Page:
Hr Library

Introvert and Extrovert Brains Aren’t the Same

By | Melanie Radzicki McManus |

Don’t call a shy person an introvert. Both extroverts and introverts can be shy. Introverts aren’t necessarily quiet and sensitive, either, nor are they people-haters.

What characterizes introverts — and how their brains function differently than those of extroverts — dominated a recent episode of the podcast Part-Time Genius, co-hosted by Will Pearson and Mangesh Hattikudur.

The pair says that one-third to one-half of all people are introverts, a term coined by famed psychiatrist Carl Jung in 1921 (along with the term “extrovert”). While introverts tend to be not as well-received in Western society, which favors extroversion, both personality types have their pros and cons. They’re merely different ways of experiencing and processing the world. In addition, “no one is really a hundred percent introverted or a hundred percent extroverted,” says Pearson. ” … We’re all really more of a mix of both personality types … most of us lean harder one way than another.”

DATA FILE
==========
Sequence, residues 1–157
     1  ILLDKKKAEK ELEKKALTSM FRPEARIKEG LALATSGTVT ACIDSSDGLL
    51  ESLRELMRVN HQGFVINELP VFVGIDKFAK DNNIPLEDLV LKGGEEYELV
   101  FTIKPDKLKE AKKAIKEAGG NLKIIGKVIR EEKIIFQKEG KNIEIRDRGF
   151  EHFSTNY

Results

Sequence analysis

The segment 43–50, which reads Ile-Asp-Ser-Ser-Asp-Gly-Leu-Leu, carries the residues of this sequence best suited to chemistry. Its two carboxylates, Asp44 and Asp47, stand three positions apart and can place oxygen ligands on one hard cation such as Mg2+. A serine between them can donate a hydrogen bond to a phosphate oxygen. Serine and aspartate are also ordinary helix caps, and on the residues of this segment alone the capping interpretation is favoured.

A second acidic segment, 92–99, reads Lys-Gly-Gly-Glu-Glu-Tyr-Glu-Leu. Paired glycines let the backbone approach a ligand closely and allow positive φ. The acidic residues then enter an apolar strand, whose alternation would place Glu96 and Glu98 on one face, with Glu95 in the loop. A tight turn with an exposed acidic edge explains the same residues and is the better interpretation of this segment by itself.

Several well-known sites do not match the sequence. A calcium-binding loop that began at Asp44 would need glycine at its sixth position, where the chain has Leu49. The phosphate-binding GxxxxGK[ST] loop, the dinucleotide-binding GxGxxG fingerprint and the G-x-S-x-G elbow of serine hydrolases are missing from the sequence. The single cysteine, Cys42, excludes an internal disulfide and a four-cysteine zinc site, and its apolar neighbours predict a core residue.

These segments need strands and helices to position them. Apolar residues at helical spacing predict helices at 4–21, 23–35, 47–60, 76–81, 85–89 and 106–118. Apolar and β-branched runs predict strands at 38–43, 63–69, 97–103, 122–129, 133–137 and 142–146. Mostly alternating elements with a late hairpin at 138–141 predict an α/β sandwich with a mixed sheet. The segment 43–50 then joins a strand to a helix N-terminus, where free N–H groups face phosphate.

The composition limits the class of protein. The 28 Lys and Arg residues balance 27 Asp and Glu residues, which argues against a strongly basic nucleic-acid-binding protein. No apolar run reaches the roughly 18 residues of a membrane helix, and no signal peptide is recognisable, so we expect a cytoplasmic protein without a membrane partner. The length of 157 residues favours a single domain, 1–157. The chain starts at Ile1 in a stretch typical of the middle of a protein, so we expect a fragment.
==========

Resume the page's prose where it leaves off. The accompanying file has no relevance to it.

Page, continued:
Introverts’ brains work differently than those of extroverts. Introverts’ brains are more sensitive to dopamine, a neurotransmitter that makes us feel good when we act quickly and take risks. This means they don’t need much of it to become energized, and too much will be overstimulating; hence, introverts’ preference for being alone or with a small group of people.

In addition, introverts’ brains take in stimuli via the long acetylcholine pathway, a lengthy corridor (named after the neurotransmitter acetylcholine) that passes through different parts of the brain. The practical ramifications of such a lengthy journey mean that introverts are more likely to notice small details and errors, overthink things, and take a while to process and react to information.

Click here to read the full article

Show More

Related Articles

Back to top button